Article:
One of the best experts in the nation on this subject is Dr. James K. Hoffmeier, a professor of Old Testament and Near Eastern Archaeology at Trinity International University Divinity School in Deerfield, Illinois. For nearly 18 years, Dr. Hoffmeier has directed the North Sinai Archaeological Project, which is a study of the Egyptian frontier during early Old Testament times. Dr. Hoffmeier has been a consultant on Egypt and the Bible for the Discovery Channel, National Geographic, the Learning Channel, and the History Channel, and has written numerous articles. Of special interest to anyone with a sincere desire to know what the bible says about immigration is Dr. Hoffmeier's book, The Immigration Crisis: Immigrants, Aliens, and the Bible.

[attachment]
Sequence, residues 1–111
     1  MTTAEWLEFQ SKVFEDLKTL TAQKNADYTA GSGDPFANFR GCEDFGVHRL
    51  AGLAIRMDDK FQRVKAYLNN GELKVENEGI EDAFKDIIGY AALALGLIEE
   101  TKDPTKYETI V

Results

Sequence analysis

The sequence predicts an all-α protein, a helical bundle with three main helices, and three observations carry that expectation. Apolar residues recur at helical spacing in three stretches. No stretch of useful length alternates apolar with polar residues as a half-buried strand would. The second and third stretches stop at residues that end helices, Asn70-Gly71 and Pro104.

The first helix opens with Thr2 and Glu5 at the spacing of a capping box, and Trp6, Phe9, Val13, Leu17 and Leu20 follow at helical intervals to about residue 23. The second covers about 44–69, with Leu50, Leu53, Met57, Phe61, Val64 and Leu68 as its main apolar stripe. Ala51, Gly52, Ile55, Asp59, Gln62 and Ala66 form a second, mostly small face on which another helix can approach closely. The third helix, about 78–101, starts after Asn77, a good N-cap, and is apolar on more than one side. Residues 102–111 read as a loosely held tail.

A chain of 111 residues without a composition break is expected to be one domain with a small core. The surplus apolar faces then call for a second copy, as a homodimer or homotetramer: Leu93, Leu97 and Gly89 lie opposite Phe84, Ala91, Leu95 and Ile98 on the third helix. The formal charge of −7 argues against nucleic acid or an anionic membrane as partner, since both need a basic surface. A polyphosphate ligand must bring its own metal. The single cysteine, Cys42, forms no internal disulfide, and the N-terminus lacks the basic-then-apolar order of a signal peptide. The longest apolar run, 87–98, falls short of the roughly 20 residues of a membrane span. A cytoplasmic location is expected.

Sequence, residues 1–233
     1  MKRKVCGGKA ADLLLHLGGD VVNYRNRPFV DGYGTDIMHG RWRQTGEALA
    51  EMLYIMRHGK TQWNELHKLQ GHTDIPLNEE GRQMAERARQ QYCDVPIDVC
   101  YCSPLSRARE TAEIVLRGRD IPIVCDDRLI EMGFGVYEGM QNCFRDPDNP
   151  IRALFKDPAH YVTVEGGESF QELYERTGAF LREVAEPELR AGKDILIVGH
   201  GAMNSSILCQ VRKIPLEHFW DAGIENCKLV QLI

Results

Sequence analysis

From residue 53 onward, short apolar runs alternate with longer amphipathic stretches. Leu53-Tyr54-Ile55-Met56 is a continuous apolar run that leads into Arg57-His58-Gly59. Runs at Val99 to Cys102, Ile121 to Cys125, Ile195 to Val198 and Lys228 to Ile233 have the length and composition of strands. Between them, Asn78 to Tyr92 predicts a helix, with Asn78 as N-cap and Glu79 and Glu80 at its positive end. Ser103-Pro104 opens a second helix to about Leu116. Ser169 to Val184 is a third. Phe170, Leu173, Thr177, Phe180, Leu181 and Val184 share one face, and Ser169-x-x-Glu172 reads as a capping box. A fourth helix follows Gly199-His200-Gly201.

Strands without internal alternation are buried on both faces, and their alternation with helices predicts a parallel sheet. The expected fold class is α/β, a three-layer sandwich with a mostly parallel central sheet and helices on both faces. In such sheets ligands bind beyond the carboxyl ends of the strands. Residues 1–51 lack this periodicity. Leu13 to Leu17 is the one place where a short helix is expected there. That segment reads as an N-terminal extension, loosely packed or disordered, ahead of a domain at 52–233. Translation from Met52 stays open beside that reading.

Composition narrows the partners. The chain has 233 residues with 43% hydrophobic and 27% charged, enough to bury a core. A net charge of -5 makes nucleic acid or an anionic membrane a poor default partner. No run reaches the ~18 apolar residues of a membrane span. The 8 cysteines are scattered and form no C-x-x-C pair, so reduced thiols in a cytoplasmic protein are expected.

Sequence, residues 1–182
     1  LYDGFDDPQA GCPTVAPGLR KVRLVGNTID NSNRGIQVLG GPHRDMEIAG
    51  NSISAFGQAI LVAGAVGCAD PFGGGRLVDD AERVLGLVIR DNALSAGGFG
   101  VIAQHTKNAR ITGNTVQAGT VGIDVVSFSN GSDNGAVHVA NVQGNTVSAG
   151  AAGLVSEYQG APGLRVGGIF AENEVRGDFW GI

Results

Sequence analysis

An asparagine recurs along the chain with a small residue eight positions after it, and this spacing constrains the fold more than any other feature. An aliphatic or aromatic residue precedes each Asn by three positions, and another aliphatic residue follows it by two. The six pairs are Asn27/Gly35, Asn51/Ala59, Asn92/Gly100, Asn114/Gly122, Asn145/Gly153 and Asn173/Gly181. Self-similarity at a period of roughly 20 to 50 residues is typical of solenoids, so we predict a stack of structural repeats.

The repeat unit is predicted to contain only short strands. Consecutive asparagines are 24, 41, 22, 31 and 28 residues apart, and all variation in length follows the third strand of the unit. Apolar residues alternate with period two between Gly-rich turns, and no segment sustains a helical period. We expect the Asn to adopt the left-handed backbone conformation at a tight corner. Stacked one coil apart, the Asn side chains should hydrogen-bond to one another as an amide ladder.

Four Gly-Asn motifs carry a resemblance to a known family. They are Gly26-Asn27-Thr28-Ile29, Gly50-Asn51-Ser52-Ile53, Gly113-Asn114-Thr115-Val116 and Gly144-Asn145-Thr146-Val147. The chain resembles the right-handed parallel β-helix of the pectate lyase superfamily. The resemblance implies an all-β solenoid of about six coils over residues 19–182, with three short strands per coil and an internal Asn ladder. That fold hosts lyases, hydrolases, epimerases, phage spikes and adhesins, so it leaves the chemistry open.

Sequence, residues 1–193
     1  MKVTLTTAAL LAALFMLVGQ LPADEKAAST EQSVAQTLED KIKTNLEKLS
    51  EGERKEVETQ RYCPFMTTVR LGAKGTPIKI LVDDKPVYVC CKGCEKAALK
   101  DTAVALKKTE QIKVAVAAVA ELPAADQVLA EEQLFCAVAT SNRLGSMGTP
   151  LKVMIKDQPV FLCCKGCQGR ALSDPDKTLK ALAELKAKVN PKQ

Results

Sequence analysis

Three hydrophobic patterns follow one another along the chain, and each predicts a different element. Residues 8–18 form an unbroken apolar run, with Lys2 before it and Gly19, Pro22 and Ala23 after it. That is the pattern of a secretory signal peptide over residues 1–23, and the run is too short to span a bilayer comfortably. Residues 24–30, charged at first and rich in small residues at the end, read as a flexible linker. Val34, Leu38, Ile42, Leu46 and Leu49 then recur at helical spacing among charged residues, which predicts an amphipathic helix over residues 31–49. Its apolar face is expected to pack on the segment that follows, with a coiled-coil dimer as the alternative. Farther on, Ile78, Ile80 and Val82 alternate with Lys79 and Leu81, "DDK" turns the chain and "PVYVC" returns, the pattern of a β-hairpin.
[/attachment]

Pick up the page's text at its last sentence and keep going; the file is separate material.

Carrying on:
Borders were important in ancient times. When Moses led the children of Israel out of Egypt, he asked permission each time he crossed a border and entered a new land. When he was denied permission to enter, he changed course and took a different route.
According to Dr. Hoffmeier, as far back as approximately 2,000 years before Christ, Egypt built and manned forts to protect their borders and control the influx of foreigners. During that time (approximately the time of Abraham), Egypt was the land of opportunity, just as the United States is today. Rich with water, fertile land, and gold, Egypt was a magnet for foreigners suffering from climate or economic difficulties. When famine struck the land of Canaan, Abraham, for example, naturally turned to Egypt for relief:
"And there was a famine in the land; and Abram went down into Egypt to sojourn there; for the famine was grievous in the land." (Genesis 12:10)